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Do Crows Attack Other Birds

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do crows attack other birds

Crows can be both fascinating and a headache to bird watchers the moment they visit in the backyard. Unfortunately, these birds tend to overpower and dominate smaller birds and scare them away from your place.

But do crows attack other birds? Yes, crows have the tendency to attack and even kill other birds for various reasons. This bird species can even eat other birds if they want to. But what are the reasons for their attack? Please see the list below:


Protecting Their Territory and Resources

By nature, crows are very territorial. This trait of the crows is the primary reason it tends to attack other birds when it is needed. These birds are very protective of their young and their breeding territories. Once they feel that other birds are in the area, they will consider the unwanted visitors a potential threat which makes them attack aggressively.

When it comes to protecting their territory and even their resources, the crows are very brutal and can end up killing unwanted visitors. This bird species has the ability to attack other bigger birds by coming in a flock. No wonder a flock of crows is called “murder” by many bird enthusiasts.

Attacking Smaller Birds Out of Convenience

When a crow attacks smaller birds, it is usually out of convenience. When they see an injured small bird, they will likely attack and feed the helpless bird. The reason behind only attacking smaller birds is that crows are not built with sharp beaks or large talons, which are very useful when attacking large prey.

Crows will eat any bird smaller than them. These birds are known to be very intelligent, which means they will know if the possible prey can harm them once they attack. With their intelligence, they will also target large but easy-to-kill birds, but their preference is usually those birds smaller than them.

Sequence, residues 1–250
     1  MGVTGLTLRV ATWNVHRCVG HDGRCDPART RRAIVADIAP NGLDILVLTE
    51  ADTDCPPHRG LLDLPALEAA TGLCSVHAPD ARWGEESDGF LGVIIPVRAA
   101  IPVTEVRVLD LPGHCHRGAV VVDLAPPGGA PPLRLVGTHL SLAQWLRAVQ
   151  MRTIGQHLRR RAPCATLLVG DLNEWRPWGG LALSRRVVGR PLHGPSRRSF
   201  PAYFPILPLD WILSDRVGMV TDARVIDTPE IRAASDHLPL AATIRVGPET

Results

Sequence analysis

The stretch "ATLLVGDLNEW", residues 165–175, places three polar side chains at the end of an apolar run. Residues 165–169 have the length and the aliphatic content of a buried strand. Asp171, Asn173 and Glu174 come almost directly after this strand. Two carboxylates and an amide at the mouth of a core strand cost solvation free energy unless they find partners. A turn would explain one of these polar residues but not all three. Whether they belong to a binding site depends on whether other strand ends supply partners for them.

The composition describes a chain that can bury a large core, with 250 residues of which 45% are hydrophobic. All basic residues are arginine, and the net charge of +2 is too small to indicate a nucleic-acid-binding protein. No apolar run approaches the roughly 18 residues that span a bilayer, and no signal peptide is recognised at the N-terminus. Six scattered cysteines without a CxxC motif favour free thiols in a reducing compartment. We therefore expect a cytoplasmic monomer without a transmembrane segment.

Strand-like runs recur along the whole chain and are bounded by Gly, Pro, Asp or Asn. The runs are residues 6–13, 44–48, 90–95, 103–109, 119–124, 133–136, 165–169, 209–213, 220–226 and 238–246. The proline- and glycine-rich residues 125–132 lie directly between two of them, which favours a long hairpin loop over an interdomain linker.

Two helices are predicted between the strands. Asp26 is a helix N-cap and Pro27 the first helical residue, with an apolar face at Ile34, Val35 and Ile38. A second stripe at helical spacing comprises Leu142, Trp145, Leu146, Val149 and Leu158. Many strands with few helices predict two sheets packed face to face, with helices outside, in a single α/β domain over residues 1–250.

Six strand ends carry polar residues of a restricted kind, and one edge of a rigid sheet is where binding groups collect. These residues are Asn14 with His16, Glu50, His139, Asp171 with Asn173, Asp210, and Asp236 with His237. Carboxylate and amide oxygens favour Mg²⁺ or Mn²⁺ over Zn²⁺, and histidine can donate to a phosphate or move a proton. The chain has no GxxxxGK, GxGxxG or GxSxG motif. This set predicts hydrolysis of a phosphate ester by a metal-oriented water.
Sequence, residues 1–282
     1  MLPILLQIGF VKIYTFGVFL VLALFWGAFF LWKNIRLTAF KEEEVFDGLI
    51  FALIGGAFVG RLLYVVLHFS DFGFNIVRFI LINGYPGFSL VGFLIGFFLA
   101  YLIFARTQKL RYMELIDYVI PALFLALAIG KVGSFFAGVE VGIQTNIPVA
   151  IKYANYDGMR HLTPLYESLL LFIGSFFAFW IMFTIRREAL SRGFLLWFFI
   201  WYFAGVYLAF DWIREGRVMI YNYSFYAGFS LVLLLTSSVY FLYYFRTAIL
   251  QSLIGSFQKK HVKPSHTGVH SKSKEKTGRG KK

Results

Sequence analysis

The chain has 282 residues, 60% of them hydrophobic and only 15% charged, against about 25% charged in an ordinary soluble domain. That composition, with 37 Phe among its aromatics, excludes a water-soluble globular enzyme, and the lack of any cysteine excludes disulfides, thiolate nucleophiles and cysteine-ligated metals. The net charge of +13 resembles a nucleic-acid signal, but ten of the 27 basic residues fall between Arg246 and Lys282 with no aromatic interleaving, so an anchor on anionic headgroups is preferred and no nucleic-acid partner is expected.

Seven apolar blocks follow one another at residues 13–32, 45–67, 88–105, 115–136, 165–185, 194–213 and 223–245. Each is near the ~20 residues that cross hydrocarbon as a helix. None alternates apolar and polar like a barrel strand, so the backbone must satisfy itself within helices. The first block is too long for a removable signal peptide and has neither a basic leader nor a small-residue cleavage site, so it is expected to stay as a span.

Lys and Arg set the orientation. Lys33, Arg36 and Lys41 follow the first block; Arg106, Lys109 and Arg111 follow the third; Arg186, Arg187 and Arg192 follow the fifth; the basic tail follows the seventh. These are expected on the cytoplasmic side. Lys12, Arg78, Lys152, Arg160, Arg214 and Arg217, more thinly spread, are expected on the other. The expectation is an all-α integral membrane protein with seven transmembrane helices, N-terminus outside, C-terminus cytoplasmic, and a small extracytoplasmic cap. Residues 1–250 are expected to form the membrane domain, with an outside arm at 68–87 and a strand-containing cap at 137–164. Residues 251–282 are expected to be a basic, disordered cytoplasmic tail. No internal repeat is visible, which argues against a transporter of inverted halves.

What they like is to dominate and attack those smaller birds that are defenseless and will not have the ability to fight back. Some common birds that the crows love to attack are sparrows, finches, canaries, and other common smaller birds.

Attacking Defenseless Baby Birds and Nestlings

Nestling and baby birds are also favorite targets for crows to attack and eventually eat. The nestlings and baby birds are vulnerable and do not have the tendency to fight back once they are attacked by predators such as crows.
With the crow’s intelligence, nestlings and baby birds are their favorite targets of attack. They are an ideal target because of their vulnerability and inability to defend themselves. Crows are also very opportunistic and persistent when it comes to looking for baby birds and nestlings.

Once they see a nest full of nestlings or baby birds, expect the crow to look for a perfect spot that will keep the bird from observing the nest. The spot can be a tree or a shrub where the bird can easily see the nest without being detected.

Once the parent birds leave the nest to look for food, Expect the crow to immediately attack the defenseless nestlings and baby birds immediately. They will probably pick up the nestlings and bring them somewhere where the bird can easily eat the weak little bird.